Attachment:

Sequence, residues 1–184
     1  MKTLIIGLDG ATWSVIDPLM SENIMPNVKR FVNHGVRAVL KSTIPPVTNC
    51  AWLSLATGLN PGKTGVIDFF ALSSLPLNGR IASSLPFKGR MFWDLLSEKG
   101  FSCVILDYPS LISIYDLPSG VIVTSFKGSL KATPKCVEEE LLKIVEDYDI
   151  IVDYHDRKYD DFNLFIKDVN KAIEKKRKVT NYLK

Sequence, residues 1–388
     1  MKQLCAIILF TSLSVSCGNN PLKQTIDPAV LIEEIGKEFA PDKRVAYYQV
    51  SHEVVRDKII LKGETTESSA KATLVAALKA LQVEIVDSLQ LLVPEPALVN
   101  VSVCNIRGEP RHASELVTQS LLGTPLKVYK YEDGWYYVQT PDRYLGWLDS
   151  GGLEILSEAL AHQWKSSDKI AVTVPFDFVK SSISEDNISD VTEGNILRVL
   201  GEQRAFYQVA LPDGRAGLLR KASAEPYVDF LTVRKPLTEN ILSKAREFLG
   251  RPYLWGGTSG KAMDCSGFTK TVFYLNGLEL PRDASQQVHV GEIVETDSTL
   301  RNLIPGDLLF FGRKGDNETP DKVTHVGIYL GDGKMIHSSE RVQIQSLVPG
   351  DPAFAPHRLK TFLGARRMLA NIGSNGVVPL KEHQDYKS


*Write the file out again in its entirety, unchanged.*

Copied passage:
Sequence, residues 1–184
     1  MKTLIIGLDG ATWSVIDPLM SENIMPNVKR FVNHGVRAVL KSTIPPVTNC
    51  AWLSLATGLN PGKTGVIDFF ALSSLPLNGR IASSLPFKGR MFWDLLSEKG
   101  FSCVILDYPS LISIYDLPSG VIVTSFKGSL KATPKCVEEE LLKIVEDYDI
   151  IVDYHDRKYD DFNLFIKDVN KAIEKKRKVT NYLK

Sequence, residues 1–388
     1  MKQLCAIILF TSLSVSCGNN PLKQTIDPAV LIEEIGKEFA PDKRVAYYQV
    51  SHEVVRDKII LKGETTESSA KATLVAALKA LQVEIVDSLQ LLVPEPALVN
   101  VSVCNIRGEP RHASELVTQS LLGTPLKVYK YEDGWYYVQT PDRYLGWLDS
   151  GGLEILSEAL AHQWKSSDKI AVTVPFDFVK SSISEDNISD VTEGNILRVL
   201  GEQRAFYQVA LPDGRAGLLR KASAEPYVDF LTVRKPLTEN ILSKAREFLG
   251  RPYLWGGTSG KAMDCSGFTK TVFYLNGLEL PRDASQQVHV GEIVETDSTL
   301  RNLIPGDLLF FGRKGDNETP DKVTHVGIYL GDGKMIHSSE RVQIQSLVPG
   351  DPAFAPHRLK TFLGARRMLA NIGSNGVVPL KEHQDYKS